Everybody makes mistakes. This is what we tell our children the minute they are old enough to understand, and we also tell them not to cry over spilled milk. When we say this, it means that we understand mistakes happen, and will not hold someone responsible for honest errors. The good news is that this can also be true for adults. If you have been accused of committing a crime, and you truly made a mistake, then in some instances, you might have a successful defense.
Mistakes of Fact and Mistakes of Law
There are two types of mistakes that an experienced criminal defense attorney should explore when building a defense on behalf of a client; mistakes of fact and mistakes of law.
Mistake of Fact
While a mistake of fact is sometimes a defense to a crime, the general rule is that ignorance is not an excuse. There are some exceptional situations, however, where a mistake can be excused under the law. A mistake of fact is when a person acts upon a mistaken belief, and their actions result in a violation of law. Here is an example: imagine if you leave a crowded party, and you pick up the nearest iPhone, because it looks just like yours, and put it in your purse. When you leave, you realize you have the wrong telephone, but you do not realize it until the police pull you over and arrest you for having stolen property. In this instance, mistake of fact would be an appropriate defense, because you acted under the misunderstanding that you were taking your own telephone.
California specifically allows the affirmative defense of Mistake of Fact against all crimes requiring specific intent. California Criminal Jury Instruction 3406 instructs a jury that if the defendant’s conduct would have been legal under the facts he or she believed to be true at the time, then he or she is not guilty of the crime. Put another way, you are not guilty of a crime if you did not have the mental state required to commit the crime, because you mistakenly believed or did not know a fact.
Mistake of Law
Like with mistakes of fact, the general rule is that people are expected to be aware of the law wherever they are in the United States. However, just like mistake of fact cases, asserting the defense of mistake of law can succeed if the mistake nullifies the intent or other mental state that is required as an element of the crime. Every California crime has several elements, each of which must be proven beyond a reasonable doubt. One element of most crimes is that the accused must possess a certain mental state when committing the crime, and this can be negated when a defendant successfully asserts that he or she was acting on a belief that his or her actions were honest, lawful actions. The belief does not have to be reasonable; just honest.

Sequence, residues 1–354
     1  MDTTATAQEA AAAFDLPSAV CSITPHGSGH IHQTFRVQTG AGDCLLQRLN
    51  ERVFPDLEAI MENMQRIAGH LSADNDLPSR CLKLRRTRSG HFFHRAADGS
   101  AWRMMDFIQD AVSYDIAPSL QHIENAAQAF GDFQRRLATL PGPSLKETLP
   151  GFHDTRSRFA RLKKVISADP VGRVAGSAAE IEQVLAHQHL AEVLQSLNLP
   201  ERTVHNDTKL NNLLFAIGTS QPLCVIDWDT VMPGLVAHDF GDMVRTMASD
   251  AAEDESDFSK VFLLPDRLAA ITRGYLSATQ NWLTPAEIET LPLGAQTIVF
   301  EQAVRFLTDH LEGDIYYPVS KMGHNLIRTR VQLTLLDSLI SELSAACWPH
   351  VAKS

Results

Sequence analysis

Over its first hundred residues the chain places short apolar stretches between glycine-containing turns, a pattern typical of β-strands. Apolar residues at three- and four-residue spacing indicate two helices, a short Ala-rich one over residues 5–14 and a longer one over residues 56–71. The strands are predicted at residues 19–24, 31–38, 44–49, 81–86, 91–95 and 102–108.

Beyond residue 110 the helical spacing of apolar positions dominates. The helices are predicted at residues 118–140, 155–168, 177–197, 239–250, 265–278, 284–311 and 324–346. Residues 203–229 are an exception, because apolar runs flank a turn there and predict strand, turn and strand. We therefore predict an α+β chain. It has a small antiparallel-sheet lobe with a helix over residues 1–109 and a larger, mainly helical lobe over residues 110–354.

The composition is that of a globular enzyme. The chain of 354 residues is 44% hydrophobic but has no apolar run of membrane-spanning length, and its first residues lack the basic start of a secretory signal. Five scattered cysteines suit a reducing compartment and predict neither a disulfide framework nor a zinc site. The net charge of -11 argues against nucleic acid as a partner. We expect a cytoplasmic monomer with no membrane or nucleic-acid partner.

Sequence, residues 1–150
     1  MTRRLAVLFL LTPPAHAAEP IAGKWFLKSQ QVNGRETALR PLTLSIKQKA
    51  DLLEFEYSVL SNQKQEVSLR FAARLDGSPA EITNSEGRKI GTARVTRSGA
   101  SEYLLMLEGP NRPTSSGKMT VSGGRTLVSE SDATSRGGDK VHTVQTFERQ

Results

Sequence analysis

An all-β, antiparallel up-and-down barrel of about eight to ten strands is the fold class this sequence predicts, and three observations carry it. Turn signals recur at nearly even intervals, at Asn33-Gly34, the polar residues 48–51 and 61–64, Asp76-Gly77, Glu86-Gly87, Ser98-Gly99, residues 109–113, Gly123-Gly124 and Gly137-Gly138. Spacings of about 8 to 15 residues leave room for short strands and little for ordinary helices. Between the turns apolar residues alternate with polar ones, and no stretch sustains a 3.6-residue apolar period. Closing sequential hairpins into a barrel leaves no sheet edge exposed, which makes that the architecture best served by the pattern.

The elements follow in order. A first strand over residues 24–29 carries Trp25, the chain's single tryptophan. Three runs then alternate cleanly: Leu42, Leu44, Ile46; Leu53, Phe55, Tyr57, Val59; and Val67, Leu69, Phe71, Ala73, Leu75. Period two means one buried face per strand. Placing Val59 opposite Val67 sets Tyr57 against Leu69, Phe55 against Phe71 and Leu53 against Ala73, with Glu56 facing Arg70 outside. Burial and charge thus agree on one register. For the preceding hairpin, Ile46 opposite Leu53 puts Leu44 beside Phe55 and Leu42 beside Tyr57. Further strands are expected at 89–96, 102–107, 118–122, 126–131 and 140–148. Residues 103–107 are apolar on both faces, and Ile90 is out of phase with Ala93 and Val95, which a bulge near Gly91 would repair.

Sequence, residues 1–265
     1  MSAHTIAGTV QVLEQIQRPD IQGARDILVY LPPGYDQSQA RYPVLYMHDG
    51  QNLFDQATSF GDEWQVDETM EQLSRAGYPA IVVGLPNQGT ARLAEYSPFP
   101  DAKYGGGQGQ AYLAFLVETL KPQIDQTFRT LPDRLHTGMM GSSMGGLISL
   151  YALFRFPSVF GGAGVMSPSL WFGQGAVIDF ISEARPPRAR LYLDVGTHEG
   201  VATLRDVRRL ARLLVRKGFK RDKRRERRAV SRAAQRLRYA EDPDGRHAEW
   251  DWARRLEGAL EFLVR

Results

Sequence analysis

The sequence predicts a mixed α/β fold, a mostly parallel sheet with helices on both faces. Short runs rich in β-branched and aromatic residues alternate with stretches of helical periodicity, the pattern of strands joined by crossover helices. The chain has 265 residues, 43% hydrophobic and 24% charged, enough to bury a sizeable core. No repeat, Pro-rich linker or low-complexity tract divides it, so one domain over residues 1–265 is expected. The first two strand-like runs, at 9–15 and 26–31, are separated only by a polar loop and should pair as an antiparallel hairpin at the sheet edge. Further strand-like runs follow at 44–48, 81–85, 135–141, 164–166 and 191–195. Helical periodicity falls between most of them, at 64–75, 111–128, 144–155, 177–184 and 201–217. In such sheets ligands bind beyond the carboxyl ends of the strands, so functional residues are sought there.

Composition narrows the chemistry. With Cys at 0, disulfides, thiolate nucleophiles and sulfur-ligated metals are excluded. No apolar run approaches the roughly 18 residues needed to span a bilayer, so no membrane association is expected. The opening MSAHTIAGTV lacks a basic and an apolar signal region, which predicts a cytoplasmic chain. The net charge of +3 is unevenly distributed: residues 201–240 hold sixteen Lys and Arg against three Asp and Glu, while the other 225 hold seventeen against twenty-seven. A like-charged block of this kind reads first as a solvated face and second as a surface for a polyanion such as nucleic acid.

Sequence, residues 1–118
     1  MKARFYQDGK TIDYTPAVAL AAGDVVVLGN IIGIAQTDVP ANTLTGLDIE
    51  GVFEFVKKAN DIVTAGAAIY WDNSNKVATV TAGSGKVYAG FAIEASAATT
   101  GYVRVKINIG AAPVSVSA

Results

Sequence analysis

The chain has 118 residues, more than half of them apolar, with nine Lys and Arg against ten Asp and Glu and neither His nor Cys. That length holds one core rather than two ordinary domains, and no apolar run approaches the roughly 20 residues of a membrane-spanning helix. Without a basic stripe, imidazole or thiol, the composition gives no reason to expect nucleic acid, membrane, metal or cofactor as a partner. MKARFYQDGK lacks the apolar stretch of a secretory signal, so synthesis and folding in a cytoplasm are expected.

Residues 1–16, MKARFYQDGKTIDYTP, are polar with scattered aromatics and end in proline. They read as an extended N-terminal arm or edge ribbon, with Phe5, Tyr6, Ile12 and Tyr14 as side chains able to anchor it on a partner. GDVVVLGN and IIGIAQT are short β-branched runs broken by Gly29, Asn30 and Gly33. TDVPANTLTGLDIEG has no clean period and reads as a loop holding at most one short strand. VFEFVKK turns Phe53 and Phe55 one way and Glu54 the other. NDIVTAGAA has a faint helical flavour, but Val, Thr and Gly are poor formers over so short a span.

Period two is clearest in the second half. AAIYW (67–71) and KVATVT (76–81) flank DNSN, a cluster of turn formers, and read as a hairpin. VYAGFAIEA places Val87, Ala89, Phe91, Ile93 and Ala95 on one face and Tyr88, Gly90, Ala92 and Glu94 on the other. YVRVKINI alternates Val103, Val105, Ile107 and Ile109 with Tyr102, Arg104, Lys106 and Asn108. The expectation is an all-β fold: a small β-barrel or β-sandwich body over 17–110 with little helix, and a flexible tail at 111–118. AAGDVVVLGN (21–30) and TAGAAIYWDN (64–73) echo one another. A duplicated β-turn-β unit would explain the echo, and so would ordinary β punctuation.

This is a more difficult defense to bring than mistake of fact, since the general public is expected to know the law. In situations where a law has not yet been passed, however, or if you relied on a law that has since been overturned or found to be unconstitutional, or if you relied on an official legal interpretation of a law that was later found to be incorrect, then this defense can be advanced. Reliance on such a mistake must be reasonable.
What does this mean? You cannot rely on something that is 100 years old, or something that a reasonable person would understand is a mistake. You can tell how difficult it is to prevail on a mistake of law defense by California Criminal Jury Instruction 3407, which instructs a jury that it is not a defense to the crime being charged that the defendant was unaware he or she was breaking the law, or that he or she believed the act was lawful.
Mistakes of fact are far more common than mistakes of law, and legally far more effective. If you act under an honest and reasonable mistake of the facts, in almost all cases you will not be guilty of the crime you are charged with. An important exception to this is when it comes to cases of statutory rape of a child under the age of 14. Even if you can make a case that you reasonably and honestly believed the alleged victim was the age of consent, the defense is not allowed at all if the victim was under the age of 14. Other than that, however, in general if you can show a reasonable and honest mistake, then criminal liability based on a mistake of fact can likely be avoided.
Relying on a mistake of law is far riskier, and there are very few circumstances under which it can be successfully advanced. Because of the mixed legal authority surrounding medicinal marijuana (and marijuana sales generally), and the dichotomy between federal and state law, it is conceivable that a mistake of law defense could be successful if someone was arrested for selling marijuana in a manner that complied with state laws but not federal laws.
If you are facing criminal charges based on what you believe is an honest mistake, do not hesitate to call Ozols Law Firm. It is important to have an experienced San Diego criminal defense lawyer on your side. Mr. Ozols will review your case and advise you whether or not you have a successful defense based on mistake of law, mistake of fact, or any other affirmative defense that can help mitigate or eliminate criminal liability.